THE SOUVENIR ★★★★★
Directed by Joanna Hogg. Starring Honor Swinton-Byrne, Tom Burke, Tilda Swinton, Richard Ayoade, Jack McMullen, Frankie Wilson. 15A cert, QFT, Belfast; IFI/Light House, Dublin, 120 min

Honor Swinton-Byrne and Tom Burke in The Souvenir
Honor Swinton-Byrne and Tom Burke in The Souvenir

Striking, austere drama concerning the relationship between a young film student (Swinton-Byrne) and a well-off man (Burke) with an addiction issue. Set in the early 1980s, the picture is clearly autobiographical but, teased out by the cast from a rough outline, it takes on a bitter, brooding life of its own. Swinton-Byrne (daughter of Tilda) is convincingly fragile as the protagonist. Burke allows dark depths as her difficult lover. Hogg’s aesthetic is not always welcoming, but the raw honesty is daunting. Full review DC

ANIARA ★★★★☆
Directed by Pella Kagerman, Hugo Lilja. Starring Emelie Jonsson, Bianca Cruzeiro, Arvin Kananian, Anneli Martini, Jennie Silfverhjelm, Peter Carlberg, Emma Broome, Jamil Drissi, Leon Jiber. 18 cert, IFI, Dublin, 106 min

Aboard the Aniara, a spaceship taking passengers from the Earth to Mars, the job of Mimaroben (Jonsson) involves operating the a machine designed to recreate viewers’ cherished memories as virtual reality. The ship collides with debris, is thrown off-course and left without fuel reserves. By year four, there are horrific suicides and religious cults. This second film adaptation of Swedish poet Harry Martinson’s 1956 cycle of 103 cantos – Aniara has previously inspired a 1960 TV movie, a heavy metal album, and an opera – feels like the Rapture translated into elegant science fiction. Full review TB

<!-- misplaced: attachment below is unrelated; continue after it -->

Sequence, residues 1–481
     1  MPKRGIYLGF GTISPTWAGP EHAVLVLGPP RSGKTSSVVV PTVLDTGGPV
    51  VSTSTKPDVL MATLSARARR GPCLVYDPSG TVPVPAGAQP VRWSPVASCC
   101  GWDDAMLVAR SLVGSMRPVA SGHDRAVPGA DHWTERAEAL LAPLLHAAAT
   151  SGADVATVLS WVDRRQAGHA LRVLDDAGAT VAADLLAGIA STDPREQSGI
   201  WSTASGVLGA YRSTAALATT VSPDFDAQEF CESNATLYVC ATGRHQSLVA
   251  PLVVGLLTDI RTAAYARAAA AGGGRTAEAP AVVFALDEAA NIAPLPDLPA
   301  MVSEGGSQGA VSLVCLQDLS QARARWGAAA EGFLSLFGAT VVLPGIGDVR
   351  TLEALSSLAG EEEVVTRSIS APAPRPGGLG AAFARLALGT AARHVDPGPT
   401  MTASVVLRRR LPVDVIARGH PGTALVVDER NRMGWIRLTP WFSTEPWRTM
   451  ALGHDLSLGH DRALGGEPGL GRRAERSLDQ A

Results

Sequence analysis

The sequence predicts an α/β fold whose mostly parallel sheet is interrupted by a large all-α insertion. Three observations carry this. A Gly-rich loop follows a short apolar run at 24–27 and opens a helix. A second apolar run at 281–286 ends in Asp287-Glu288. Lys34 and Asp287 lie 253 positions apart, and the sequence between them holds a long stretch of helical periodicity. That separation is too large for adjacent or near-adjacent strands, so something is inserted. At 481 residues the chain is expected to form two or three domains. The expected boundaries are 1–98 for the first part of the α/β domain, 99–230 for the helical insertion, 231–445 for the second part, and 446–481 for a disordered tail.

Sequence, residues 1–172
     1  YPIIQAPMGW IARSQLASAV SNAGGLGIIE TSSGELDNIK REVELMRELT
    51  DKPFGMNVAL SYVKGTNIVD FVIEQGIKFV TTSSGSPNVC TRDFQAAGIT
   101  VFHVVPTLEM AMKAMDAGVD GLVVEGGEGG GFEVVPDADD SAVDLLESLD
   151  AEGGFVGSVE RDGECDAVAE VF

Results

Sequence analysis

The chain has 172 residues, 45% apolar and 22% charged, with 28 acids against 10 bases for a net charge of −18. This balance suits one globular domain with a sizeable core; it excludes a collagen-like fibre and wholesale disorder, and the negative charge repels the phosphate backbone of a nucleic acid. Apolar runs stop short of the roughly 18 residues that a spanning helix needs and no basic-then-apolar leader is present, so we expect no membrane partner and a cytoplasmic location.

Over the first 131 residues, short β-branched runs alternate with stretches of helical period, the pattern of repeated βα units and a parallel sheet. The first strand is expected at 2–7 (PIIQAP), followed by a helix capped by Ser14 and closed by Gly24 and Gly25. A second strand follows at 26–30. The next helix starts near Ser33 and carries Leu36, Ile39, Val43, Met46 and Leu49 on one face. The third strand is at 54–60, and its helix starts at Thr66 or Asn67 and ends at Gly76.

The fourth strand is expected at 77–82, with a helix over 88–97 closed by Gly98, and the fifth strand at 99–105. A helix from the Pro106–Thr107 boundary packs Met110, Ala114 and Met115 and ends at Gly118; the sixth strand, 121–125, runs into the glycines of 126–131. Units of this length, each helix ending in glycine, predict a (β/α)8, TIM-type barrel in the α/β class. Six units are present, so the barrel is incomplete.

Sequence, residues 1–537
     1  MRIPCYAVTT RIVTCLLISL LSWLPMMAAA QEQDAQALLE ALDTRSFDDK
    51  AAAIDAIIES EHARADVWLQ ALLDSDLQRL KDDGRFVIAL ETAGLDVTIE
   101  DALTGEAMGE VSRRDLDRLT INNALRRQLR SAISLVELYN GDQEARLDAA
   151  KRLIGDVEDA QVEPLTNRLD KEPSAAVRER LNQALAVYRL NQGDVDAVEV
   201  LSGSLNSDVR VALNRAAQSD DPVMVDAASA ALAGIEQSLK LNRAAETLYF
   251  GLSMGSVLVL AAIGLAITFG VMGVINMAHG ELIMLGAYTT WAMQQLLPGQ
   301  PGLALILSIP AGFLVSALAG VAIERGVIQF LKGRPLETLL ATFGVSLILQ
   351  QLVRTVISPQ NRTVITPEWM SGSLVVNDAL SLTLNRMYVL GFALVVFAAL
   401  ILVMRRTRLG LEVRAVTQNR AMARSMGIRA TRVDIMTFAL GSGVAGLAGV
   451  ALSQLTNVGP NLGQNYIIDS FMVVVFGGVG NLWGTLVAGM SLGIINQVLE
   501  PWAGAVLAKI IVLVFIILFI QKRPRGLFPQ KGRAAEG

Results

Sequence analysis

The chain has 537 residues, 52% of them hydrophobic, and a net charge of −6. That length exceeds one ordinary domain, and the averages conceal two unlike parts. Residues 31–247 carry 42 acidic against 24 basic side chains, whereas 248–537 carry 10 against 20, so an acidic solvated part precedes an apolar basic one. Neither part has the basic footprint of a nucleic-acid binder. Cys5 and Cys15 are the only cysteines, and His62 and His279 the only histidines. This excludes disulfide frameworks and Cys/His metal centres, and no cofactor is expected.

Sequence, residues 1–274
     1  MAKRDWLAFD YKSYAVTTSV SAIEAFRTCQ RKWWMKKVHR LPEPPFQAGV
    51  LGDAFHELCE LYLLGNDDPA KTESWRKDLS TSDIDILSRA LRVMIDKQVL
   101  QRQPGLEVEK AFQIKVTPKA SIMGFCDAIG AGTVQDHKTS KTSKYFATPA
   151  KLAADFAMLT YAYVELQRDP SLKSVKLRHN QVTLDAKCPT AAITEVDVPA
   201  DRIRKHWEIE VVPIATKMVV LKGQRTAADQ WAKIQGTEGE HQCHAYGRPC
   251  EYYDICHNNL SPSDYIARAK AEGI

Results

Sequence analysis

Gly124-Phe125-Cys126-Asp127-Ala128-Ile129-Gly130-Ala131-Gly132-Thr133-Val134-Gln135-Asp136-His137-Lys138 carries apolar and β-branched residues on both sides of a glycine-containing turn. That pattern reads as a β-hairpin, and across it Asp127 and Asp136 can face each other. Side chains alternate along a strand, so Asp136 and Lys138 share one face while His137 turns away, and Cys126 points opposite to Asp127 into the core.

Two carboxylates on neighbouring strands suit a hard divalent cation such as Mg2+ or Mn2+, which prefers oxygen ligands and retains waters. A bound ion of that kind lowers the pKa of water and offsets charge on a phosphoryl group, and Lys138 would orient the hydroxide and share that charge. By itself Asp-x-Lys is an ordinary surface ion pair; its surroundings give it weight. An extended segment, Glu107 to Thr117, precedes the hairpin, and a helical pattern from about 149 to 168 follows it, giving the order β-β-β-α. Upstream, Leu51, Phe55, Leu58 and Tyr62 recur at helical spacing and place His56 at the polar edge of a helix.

PAIN AND GLORY/DOLOR Y GLORIA ★★★★★
Directed by Pedro Almodóvar. Starring Antonio Banderas, Asier Etxeandia, Leonardo Sbaraglia, Nora Navas, Julieta Serrano, Penélope Cruz. 16 cert, lim release, 113 min

Antonio Banderas and Nora Navas in Pain and Glory
Antonio Banderas and Nora Navas in Pain and Glory

Banderas is hypnotically captivating as a blocked film director in an exquisite, autumnal drama that escapes 8½ comparisons to breathe fresh Almodóvar air. The dextrous flitting between past and present and between trauma and comedy is, no doubt, the result of meticulous paring, but, on screen, it flows as smoothly as the most linear of narratives. Cruz spreads warmth as the protagonist’s mother in flashbacks. The images gleam. A great later work from an original for the ages. Full review DC

Other ★★★★★  and ★★★★☆  films out and about: Apollo 11, The Chambermaid, Crawl, Do the Right Thing, Dora and the Lost City of Gold, Gaza, Hail Satan?, Marianne & Leonard: Words of Love, Midsommar, Never Grow Old, Once Upon a Time in . . . Hollywood, Transit, Yesterday. All current synopses here